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George Lee Dudley was the sixth of sixteen children born to Matilda Sanders and Royal Dudley. George Dudley was born February 15, 1890 in Greensboro, Hale County, Alabama. Like many African-Americans of that time, he was born of mixed parentage. His mother, Matilda, was African-American while his father, Royal, was Mulatto. (part African and part Indian).

George Dudley Sr. and Amanda Lee Parker met in Greensboro, Alabama, and after a brief courtship, they married there on Dec. 26, 1908, of that union, twelve children were born, ten of whom survived to adulthood. They are as follows


George Dudley Jr.

Lula Mae Dudley

Robert Dudley

Fannye Mae Dudley

Ethal Lee Dudley

James Lee Dudley

Louise Launcy Dudley

Walter Lee Dudley

Mary Ella Dudley

Willie Moore Dudley

Flora Jean Dudley

Dannye Mae Dudley


George seeking a better way of life then the rural Greensboro offered, he received a offer to relocate to Bessemer Alabama in 1915. Bessemer was a great area near industrialized Birmingham which boasted limestone, coal, ore and other rich natural resources needed to sustain the, then, profitable steel making industry. George was able to secure employment as an ore miner at the old Reeder’s Mining Company near the community of Muscoda, Alabama.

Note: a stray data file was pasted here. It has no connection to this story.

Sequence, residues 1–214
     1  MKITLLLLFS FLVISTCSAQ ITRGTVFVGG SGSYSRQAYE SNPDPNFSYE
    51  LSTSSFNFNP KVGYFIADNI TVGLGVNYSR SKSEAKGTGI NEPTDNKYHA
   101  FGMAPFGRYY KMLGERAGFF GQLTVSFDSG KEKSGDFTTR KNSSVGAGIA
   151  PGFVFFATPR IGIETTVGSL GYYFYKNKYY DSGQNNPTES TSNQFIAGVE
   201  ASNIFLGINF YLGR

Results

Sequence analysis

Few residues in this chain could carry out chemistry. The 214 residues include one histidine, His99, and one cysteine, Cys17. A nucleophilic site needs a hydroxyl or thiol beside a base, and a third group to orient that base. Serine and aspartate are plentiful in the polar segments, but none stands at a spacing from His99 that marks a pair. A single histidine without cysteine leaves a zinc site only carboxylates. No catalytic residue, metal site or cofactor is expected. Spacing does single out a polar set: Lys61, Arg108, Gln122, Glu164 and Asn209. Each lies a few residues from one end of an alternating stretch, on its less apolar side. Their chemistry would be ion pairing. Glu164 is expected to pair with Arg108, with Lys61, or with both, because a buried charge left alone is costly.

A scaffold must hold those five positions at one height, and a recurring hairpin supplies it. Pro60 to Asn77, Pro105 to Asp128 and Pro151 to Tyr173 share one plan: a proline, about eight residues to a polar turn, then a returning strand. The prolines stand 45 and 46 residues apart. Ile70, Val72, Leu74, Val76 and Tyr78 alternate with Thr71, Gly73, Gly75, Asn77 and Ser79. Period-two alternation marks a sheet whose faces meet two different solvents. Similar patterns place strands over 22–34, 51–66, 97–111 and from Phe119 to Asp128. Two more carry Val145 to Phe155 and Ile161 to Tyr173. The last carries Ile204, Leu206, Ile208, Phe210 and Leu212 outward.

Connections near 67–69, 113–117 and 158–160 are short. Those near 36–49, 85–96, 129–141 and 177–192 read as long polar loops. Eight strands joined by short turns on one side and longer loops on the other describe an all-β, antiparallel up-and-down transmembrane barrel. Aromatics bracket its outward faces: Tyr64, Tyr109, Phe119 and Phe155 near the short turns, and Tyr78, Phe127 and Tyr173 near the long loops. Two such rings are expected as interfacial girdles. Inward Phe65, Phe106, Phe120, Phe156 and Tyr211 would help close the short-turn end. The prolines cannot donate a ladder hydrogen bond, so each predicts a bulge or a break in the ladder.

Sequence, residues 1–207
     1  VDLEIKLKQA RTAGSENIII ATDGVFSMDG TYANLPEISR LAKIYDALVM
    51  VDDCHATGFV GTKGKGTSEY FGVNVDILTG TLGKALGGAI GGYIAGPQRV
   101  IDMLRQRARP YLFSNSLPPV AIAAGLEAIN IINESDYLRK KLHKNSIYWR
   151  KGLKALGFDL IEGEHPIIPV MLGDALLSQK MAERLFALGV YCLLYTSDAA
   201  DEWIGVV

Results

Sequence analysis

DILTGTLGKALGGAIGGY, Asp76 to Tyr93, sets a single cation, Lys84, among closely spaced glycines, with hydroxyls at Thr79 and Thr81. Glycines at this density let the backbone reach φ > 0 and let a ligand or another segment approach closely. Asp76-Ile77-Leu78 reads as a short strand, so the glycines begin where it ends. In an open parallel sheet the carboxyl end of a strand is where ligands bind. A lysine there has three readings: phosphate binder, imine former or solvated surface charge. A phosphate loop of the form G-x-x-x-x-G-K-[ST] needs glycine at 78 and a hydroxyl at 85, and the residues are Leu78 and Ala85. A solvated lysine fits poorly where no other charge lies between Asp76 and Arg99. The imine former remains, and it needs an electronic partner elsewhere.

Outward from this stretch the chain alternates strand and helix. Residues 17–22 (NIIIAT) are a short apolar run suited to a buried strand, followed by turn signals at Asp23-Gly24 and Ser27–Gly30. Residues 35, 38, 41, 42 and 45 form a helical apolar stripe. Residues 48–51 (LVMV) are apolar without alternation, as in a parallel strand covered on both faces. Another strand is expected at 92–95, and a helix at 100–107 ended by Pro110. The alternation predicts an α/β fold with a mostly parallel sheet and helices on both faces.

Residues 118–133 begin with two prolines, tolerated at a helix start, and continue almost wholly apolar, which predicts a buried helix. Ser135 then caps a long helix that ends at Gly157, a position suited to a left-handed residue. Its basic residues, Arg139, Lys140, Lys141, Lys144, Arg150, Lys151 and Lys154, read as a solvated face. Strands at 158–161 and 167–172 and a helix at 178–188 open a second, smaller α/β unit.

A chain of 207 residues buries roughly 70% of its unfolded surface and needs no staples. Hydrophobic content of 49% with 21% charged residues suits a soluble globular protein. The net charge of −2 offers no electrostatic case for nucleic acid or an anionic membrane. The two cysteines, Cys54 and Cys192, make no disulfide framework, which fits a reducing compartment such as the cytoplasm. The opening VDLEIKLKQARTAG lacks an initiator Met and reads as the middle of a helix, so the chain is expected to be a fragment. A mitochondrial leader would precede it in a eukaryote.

During those days, companies often provided rental housing for their employees at a nominal fee. The companies also operated a company store call a Commissary, whereby workers could purchase food and other supplies on credit. The majority of the African-American miners, at the time, lived in rental houses owned by the company in Reeders and nearby communities.